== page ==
Just as the main achievement of pursuing a War on Drugs has been the vast enrichment of some extraordinarily bad men, so this war on doping has been such a spectacular failure it has eventually become an embarrassment in itself - it seems that the more they are placed under surveillance the better they get, the sprinters and the rugby players - and the cyclists, who after all brought Lance Armstrong to the party, and who must be wondering why everyone is still on their case when there are so many other cases to be on: so many Lances who never failed a test either.

Grigory Rodchenkov is the embodiment of these supremely twisted arrangements, being the head of an anti-doping programme who was also intimately involved in a pro-doping capacity, who seems like a decent enough sort of a chap, unable to take the impossible strain of all that bullshit any more.

Watching his struggle for sanity itself, it is hard to believe that the authorities are still hanging on to this notion that if only the "cheats" can be rooted out, these sports will be restored to some state of goodness.

That ship sailed so long ago that they were probably still using the cat-o'-nine-tails.

And once you engage with the notion of lifting the prohibition on banned substances, you realise that there really is a way out of this, and that it has at least one remarkable feature - on the track and in any other arena, nothing will change.

Since most of the sports which we follow are already consumed by a doping culture, they will just carry on with it. In theory, I suppose that rugby players could get even bigger than they are at the moment, and someone might eventually run as fast as Usain Bolt. But given the substances which are currently available to the elite athlete, we are already looking at Peak Performance Enhancement.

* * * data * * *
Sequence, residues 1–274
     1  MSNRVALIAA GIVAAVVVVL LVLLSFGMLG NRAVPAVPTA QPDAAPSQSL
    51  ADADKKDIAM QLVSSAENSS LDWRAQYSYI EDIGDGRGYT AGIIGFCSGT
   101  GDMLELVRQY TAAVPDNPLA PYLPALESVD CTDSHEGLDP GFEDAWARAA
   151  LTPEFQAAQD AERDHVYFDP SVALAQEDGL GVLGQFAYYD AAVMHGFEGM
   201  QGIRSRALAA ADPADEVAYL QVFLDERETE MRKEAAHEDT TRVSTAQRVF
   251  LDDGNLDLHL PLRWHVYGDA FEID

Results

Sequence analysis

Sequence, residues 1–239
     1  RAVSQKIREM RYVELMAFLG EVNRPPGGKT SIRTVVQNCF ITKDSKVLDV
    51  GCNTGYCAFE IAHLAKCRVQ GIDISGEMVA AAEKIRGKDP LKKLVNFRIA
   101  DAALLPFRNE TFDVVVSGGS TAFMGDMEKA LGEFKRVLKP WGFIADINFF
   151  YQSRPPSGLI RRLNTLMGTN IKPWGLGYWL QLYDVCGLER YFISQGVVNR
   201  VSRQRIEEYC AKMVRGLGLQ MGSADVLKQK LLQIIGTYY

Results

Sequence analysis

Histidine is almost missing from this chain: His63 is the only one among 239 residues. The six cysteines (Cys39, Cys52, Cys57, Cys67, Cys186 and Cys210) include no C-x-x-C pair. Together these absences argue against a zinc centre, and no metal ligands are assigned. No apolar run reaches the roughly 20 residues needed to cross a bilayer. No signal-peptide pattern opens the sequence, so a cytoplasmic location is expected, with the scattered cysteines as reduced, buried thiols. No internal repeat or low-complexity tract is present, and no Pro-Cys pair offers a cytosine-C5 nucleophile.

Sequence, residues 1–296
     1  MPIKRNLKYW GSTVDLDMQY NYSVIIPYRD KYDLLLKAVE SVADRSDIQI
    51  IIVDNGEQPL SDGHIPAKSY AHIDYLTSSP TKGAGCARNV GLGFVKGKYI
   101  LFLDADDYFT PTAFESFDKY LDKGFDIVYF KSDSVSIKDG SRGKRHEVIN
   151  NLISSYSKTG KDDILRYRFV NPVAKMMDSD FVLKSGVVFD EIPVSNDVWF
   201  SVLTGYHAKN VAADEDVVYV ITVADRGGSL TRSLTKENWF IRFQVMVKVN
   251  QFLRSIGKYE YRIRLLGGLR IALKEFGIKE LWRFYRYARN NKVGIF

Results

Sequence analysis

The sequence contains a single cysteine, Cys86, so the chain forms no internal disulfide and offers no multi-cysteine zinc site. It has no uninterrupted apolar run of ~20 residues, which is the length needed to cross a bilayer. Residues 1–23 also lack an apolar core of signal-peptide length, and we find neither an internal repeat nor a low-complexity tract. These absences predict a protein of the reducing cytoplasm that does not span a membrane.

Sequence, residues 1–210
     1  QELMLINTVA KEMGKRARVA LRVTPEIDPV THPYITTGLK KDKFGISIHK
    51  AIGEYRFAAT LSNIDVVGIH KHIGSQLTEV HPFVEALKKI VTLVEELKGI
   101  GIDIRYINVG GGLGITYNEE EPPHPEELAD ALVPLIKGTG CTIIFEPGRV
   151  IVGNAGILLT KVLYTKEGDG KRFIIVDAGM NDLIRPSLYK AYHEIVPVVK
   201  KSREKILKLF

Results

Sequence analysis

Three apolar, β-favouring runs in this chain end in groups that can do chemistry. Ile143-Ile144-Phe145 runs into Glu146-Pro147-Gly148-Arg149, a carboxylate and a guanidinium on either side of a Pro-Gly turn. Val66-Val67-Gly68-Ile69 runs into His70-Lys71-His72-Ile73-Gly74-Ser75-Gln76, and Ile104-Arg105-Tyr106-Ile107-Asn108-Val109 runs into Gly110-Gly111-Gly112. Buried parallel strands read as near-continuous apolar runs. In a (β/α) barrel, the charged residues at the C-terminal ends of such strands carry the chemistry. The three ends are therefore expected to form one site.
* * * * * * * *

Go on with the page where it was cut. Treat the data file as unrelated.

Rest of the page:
Legalise it, and everything will carry on roughly the same, but without the bullshit - the institutionalised corruption, the astonishing waste of time and energy, and the KGB men running around backstage with bottles of other people's urine.

No doubt the wizards are concocting new drugs as we speak, but then they've always been doing that too. Because eventually this is not really a drugs problem, it is a human nature problem. And there's no way out of that.

It can also be said for athletics that it is largely unharmed by the gambling phenomenon - due to its relative unpopularity, the fact that it is not in our faces all the time, but comes out only for a few special occasions such as the World Championships or the Olympics.

This is not conducive to the development of a major gambling culture, which thrives more on your day-to-day obsessions - such as horse-racing or football - and which has the potential to be corrupting sports in ways that even the drugs can't reach.

In the most basic sense, it greatly increases the number of victims. If I am watching a runner who is on EPO, I myself am not on EPO and am thus unharmed in that way. But if I am betting on that runner, I may be profoundly harmed.

Indeed, for any punter, the drugs issue is not so important, because at least if the players are on drugs they're trying to win. They have no other nefarious purpose in mind. Inject a load of gambling into the system, and that ain't necessarily so.